Wednesday, June 21, 2017

How age-friendly are prisons? Not very. Surprised? No.

The numbers of prisoners over the age of 50 in 2002 was 4,800 and now is 12,600 and going up fast. You can read all about it in this report from the Prisons and Probation Ombudsman. 

Peter Clarke, the chief inspector of prisons in England and Wales, believes the situation is so bad that we should be introducing purpose-built 'older prisoner' jails - residential care homes surrounded by a wall.

The Guardian newspaper has found these additional stats:

Prisoners aged 60 to 69 are the fastest-growing group in the prison population, with a 146% increase between 2002 and 2014 to 2,541. Those aged 50 to 59 are the second-fastest growing group, with an increase of 122% in the same period to 6,957.

I am always surprised that the media and authorities are surprised when they dig about and find these stats. What the hell would they expect to be happening in a country where the population is ageing as fast as it is in the UK. I bet the situation is not that much different in the US - heavens knows what it is like in Japan.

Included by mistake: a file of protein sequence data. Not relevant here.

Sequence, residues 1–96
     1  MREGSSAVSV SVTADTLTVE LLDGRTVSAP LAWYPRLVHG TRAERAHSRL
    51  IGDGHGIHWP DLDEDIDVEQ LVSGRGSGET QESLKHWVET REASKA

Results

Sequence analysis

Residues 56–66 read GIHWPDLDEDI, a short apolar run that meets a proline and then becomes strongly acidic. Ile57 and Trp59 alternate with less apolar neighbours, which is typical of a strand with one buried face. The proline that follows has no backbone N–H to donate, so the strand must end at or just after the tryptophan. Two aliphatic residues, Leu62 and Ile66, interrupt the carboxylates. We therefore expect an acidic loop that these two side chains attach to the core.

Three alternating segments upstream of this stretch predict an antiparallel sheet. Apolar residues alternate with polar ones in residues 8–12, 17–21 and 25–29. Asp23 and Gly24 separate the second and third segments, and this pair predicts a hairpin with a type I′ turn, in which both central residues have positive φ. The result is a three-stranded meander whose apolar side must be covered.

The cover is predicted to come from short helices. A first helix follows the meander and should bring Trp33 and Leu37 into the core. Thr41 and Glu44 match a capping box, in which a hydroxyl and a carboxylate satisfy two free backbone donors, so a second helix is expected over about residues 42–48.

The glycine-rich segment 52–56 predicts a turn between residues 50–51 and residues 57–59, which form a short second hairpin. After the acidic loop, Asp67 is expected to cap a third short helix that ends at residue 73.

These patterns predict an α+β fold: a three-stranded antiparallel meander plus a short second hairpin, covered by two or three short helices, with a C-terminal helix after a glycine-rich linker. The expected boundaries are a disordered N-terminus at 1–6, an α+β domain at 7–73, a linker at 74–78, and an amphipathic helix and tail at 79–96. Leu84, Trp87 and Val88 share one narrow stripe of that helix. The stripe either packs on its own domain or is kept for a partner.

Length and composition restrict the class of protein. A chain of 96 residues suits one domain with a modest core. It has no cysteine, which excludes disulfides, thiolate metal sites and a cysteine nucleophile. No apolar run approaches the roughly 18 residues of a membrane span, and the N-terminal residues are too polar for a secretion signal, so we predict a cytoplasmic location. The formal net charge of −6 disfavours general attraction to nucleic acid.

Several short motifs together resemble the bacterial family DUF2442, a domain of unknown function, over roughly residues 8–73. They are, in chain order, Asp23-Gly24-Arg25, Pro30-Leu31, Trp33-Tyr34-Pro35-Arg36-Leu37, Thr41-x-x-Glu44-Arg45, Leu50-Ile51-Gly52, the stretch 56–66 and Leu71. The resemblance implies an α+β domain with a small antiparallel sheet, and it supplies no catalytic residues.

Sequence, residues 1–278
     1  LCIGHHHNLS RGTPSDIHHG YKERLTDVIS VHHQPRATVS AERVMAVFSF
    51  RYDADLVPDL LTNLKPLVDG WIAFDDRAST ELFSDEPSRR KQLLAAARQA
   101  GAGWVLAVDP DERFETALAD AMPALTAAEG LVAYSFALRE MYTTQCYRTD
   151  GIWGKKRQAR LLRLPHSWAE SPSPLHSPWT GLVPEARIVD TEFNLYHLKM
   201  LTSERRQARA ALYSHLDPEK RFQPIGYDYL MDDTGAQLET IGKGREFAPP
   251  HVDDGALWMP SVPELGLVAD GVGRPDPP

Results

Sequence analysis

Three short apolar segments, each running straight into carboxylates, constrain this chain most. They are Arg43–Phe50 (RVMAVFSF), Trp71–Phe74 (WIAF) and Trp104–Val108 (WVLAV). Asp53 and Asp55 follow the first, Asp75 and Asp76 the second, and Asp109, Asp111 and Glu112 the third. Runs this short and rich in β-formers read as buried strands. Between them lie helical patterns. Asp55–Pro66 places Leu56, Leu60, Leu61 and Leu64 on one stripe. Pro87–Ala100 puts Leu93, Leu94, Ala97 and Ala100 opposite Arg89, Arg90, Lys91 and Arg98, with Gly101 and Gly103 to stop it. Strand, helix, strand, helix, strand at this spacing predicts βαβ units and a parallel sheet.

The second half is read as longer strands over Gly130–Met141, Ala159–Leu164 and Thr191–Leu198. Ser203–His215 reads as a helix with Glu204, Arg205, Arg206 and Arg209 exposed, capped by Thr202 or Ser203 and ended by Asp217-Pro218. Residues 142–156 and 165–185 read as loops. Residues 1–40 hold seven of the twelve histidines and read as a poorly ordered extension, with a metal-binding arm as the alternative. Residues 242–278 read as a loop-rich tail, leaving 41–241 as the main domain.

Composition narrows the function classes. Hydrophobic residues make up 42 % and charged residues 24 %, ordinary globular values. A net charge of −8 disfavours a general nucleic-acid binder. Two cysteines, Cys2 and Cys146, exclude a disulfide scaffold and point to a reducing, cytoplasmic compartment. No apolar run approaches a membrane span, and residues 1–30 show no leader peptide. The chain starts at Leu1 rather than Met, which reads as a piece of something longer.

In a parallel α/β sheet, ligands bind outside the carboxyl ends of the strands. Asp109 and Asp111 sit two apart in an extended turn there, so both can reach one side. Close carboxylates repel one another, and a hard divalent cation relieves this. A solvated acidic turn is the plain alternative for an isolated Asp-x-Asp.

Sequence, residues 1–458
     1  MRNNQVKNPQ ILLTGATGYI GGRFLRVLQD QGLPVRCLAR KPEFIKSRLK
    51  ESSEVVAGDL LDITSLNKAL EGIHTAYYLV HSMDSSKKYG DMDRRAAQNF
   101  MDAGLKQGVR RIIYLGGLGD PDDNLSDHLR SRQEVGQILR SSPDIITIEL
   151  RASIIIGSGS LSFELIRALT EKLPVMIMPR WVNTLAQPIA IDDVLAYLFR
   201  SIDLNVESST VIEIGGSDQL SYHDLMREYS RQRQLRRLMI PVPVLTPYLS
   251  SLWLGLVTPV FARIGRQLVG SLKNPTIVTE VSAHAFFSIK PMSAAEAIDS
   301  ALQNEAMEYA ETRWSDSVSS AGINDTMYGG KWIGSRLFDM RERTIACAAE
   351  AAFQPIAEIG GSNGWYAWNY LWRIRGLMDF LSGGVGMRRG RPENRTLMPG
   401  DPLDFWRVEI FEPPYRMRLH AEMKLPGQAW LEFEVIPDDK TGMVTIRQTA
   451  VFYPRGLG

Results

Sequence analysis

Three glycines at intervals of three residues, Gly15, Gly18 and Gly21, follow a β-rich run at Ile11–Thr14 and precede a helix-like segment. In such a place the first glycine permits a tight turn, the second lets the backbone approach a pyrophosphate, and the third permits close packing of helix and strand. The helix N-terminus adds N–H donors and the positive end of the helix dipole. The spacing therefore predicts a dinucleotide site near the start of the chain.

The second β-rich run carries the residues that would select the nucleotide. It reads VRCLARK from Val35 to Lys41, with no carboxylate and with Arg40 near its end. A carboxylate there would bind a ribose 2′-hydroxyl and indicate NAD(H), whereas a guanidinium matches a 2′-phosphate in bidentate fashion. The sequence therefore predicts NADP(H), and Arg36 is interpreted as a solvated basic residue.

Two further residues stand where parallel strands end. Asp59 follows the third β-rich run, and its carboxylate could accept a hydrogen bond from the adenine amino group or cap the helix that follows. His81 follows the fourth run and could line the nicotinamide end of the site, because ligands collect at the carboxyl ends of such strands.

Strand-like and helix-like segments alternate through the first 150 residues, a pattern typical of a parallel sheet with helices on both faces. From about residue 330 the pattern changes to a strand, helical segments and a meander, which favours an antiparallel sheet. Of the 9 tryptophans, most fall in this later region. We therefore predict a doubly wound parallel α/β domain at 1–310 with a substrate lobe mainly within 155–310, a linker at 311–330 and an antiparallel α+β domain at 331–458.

Bottom line lesson is that it doesn't matter what part of the infrastructure you want to look at it needs to be 'fit for purpose' for a lot more older users. It is as simple as that. Dick Stroud

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